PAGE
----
Do electrons move in a conductor when it is connected to only one pole of a power supply?

If I were to get a conductor e.g. a piece of copper wire or aluminium and connect it to one pole of a battery (let's take the positive pole for example), will electrons be removed from the conductor forming Cu or Al ions? Or does the flow only start when the circuit is completed?

I think as soon as a pole is connected, some physical change takes place. Let's say you connect both poles, there needs to be a potential difference, and I would think that difference would need to be "felt" by the other side for the electrons to flow. But if the second pole was only connected later, there needs to be a potential difference, so the metal would be charged (or I believe, ionised). Am I right in saying this?

Also, if electrons are flowing through a wire, can you say the wire is ionised, or am I getting this wrong?

• It's impossible. I mean how the current can flow if you are not applying any kind of potential difference along the circuit. The motive of using a battery in a circuit is to maintain a potential difference along it which result in flow of electron and the flow of current. It's not possible to form an ionised metal piece by this method. – Saharsh Jun 6 '14 at 17:46

Let's start from the main question

Do electrons move when only one end/pole of the battery is connected ?


They do! Let's say that you attach a wire to the positive terminal of the battery and this terminal is at "conventional" +5V. Imagine a lot of positively charged particles accumulated there, now electrons would move as near them as possible, creating the same +5V potential throughout the wire.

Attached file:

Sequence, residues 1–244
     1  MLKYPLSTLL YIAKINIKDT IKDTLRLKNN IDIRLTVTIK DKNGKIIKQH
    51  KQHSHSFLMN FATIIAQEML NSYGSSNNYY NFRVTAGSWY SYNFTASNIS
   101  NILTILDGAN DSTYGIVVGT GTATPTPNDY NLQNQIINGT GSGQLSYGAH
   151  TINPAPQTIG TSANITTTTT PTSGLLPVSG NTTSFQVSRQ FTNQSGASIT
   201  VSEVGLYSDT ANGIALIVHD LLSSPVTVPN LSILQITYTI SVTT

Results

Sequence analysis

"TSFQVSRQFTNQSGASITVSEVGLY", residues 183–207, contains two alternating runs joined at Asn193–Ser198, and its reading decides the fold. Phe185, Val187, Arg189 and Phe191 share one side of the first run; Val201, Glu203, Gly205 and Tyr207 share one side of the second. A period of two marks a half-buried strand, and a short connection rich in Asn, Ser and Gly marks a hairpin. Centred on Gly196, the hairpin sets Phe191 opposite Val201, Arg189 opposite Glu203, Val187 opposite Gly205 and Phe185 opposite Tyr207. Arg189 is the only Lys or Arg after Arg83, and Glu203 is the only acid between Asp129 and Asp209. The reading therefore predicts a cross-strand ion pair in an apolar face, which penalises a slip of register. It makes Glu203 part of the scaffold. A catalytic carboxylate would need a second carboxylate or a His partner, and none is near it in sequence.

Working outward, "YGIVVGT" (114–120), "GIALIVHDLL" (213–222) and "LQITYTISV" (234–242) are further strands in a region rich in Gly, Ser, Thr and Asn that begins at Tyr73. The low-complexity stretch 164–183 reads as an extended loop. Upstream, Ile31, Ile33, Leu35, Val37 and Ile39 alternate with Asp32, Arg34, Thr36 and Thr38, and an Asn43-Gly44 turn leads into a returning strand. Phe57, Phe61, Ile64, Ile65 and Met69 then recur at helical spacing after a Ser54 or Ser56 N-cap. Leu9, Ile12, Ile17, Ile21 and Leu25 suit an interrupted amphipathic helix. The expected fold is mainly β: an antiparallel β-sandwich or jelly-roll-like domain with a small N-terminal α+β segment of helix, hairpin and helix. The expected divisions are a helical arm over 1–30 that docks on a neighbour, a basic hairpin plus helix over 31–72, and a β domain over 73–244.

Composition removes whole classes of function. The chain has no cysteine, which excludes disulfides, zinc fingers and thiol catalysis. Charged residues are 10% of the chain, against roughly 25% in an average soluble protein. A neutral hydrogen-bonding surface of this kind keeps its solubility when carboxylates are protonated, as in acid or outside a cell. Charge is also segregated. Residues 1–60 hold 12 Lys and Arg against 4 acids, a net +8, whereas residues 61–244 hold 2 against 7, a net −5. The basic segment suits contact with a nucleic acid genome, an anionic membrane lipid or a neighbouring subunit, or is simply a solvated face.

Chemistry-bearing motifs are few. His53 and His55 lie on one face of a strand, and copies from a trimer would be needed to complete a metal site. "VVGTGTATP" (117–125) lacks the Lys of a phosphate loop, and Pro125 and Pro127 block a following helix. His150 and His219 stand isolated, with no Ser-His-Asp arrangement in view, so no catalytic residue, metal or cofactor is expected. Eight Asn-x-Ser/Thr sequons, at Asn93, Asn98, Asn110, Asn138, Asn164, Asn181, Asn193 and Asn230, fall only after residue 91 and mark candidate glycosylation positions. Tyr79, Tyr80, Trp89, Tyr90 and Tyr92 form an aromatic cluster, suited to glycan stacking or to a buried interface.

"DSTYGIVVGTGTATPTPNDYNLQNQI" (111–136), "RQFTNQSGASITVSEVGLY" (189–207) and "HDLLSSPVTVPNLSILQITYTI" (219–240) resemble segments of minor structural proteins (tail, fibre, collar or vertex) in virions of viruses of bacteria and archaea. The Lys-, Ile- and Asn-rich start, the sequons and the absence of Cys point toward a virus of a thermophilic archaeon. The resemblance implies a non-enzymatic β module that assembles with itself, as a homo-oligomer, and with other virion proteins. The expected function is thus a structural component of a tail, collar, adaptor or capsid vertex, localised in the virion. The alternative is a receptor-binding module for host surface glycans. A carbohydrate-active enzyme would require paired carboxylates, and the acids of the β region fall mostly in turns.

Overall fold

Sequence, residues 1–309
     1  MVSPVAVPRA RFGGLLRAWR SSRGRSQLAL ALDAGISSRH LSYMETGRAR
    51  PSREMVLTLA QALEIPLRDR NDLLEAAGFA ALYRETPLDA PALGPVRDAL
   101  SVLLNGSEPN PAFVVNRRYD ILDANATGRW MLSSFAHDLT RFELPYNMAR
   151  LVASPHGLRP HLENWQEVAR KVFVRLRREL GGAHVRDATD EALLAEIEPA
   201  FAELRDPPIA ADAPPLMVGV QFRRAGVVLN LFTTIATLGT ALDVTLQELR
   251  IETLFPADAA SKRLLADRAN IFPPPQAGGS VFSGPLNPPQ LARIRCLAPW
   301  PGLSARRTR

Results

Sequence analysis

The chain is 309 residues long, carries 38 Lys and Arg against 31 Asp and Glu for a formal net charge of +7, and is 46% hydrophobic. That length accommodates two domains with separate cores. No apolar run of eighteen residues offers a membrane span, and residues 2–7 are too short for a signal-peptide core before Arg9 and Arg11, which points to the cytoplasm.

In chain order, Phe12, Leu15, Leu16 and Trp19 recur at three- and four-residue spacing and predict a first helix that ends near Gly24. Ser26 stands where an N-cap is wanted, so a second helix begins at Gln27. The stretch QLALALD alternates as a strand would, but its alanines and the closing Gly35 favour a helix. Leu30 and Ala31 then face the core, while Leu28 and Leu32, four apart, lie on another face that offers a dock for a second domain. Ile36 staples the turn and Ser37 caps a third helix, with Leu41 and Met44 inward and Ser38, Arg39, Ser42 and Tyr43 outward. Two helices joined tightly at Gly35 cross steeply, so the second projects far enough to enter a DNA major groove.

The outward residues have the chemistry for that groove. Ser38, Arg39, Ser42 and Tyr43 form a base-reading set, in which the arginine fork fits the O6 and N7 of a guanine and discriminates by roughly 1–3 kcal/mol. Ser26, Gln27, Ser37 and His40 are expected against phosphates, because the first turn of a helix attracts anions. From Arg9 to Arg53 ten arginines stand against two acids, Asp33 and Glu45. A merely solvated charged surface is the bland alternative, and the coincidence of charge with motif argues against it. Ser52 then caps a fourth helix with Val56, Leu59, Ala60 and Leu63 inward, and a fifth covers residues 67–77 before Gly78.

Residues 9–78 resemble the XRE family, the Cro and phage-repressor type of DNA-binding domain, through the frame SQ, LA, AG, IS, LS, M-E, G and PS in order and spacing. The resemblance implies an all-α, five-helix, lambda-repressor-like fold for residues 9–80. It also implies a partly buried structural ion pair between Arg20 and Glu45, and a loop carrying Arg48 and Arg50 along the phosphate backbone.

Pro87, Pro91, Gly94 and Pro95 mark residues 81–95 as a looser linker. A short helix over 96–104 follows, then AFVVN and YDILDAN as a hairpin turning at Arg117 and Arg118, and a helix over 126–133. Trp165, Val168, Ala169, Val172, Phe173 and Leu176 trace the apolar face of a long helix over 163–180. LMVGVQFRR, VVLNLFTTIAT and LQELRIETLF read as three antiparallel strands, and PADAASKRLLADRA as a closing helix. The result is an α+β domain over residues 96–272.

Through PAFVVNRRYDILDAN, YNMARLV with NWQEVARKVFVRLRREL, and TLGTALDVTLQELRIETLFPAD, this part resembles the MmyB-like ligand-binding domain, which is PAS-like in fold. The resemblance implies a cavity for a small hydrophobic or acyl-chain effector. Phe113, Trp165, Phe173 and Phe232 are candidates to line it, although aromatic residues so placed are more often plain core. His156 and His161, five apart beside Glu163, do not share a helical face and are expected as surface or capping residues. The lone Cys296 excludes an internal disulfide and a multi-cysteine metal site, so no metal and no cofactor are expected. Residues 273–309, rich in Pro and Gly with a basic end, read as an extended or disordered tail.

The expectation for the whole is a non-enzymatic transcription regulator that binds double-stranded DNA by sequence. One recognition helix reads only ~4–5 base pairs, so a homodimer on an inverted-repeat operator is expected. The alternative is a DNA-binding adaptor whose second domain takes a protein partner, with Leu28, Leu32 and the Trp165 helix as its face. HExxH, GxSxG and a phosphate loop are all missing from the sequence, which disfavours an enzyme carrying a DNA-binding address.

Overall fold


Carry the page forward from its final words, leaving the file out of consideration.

A very similar effect takes place in the charging of a capacitor by DC source, in that case too the circuit is never completed but we know that charges flow because that's how the capacitor charges.

I could only understand the other question as

Does attaching conductors to battery or other sources of electrical energy ionize them?


It would be wrong to say that something like this happens, because when atoms get ionized they have quite a bit of freedom of movement for example $\text{Na}^+$ and $\text{Cl}^-$ in water are ionized and move freely similarly ions in hot plasma move about freely. While in conductors the concept of free electrons is accepted because electrons rather than completely leaving the atom, get into contact with several atoms and even though they leave a charged specie behind, that specie does not have freedom of movement and hence cannot be called ionized.

• Thanks! About the ion part - I believe I got a little confused about the metallic bonding part. One more Q, are all the electrons of the metal atoms in a metallic bond part of the electron "sea", flowing randomly, or do they still form something similar to shells around the nucleus of the atoms? – baharini Jun 6 '14 at 22:35
• Normally only the outermost electrons participate. I personally have never heard of a case in which "all" electrons of an atom have been involved. – Rijul Gupta Jun 6 '14 at 22:40
• Ok, that certainly makes better sense to me. – baharini Jun 6 '14 at 22:45